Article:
IT’S A shame Thames Water can’t do a little more to clean up its act around the Little Marlow sewage treatment works.
Given that the works lies next door to a nature reserve, you might think some effort could be made to keep the approach road neat and tidy.
But ramblers enjoying the otherwise picturesque circular tour of Spade Oak lake down to the River Thames are once again greeted by a growing pile of fly-tipped debris just where the footpath crosses the approach road to the works.
The pile looks remarkably similar to the rubbish dumped in the same spot some months ago, pictured below.
And given Thames Water’s pledges to invest in the area following its disastrous pollution problems some years ago, you might hope for just a little more effort to prevent the lane becoming a fly-tipping hotspot.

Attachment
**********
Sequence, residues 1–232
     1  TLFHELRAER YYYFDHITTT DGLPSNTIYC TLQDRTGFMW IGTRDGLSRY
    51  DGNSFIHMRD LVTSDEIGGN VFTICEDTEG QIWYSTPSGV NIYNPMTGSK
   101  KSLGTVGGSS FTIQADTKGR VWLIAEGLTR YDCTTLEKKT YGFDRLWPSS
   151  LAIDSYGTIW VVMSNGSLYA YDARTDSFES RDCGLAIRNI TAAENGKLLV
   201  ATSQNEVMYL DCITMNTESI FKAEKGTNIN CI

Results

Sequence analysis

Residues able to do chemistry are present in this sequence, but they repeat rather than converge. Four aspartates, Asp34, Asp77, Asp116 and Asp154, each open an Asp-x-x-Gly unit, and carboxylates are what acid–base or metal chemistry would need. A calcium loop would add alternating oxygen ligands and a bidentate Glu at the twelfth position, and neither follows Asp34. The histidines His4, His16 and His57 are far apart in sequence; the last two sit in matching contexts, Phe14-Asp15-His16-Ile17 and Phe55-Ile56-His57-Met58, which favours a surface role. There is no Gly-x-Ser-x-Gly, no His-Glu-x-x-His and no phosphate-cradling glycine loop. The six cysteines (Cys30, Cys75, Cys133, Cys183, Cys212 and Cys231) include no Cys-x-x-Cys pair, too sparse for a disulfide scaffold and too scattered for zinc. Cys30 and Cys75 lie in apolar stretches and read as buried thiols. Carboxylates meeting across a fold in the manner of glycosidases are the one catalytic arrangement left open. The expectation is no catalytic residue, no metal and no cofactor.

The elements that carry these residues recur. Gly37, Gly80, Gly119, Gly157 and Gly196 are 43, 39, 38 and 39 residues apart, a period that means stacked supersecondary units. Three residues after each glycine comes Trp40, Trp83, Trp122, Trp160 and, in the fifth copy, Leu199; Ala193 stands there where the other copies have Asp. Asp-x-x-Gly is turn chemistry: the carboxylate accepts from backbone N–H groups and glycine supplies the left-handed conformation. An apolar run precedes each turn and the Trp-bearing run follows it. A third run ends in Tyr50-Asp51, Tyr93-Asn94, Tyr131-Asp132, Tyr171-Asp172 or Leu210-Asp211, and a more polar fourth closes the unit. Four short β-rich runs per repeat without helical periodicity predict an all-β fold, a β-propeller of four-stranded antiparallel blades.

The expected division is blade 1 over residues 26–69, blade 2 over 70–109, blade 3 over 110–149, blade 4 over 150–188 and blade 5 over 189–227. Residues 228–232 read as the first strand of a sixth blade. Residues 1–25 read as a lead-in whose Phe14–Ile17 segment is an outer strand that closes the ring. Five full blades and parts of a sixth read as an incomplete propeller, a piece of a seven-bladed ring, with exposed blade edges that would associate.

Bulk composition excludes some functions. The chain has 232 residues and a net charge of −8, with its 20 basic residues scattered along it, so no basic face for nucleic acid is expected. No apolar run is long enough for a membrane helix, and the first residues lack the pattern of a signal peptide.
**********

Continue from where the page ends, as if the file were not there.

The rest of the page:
Back in March 2017 Thames Water was fined a record £20.3 million for polluting the River Thames with 1.4 billion litres of raw sewage.
The company allowed huge amounts of untreated effluent to enter the waterway in Buckinghamshire and Oxfordshire in 2013 and 2014, leaving people and animals ill, and killing thousands of fish.
Judge Francis Sheridan handed down the largest penalty for a water utility for an environmental disaster at a sentencing hearing at Aylesbury Crown Court.
Richard Aylard of Thames Water said outside the court that the company had learned its lesson, changed its ways and was also proud to be working in partnership with environmental groups across the area, working to improve rivers.
Following sentencing, Thames Water also announced it would allocate £1.5 million towards projects to improve the rivers, wildlife and surrounding environment at the six locations.
One small step might be to improve the approach road to the Little Marlow works. No one is blaming the company for the fly-tipping itself – but if future incidents are to be prevented, more needs to be done to prevent this becoming a permanent blot on the local landscape.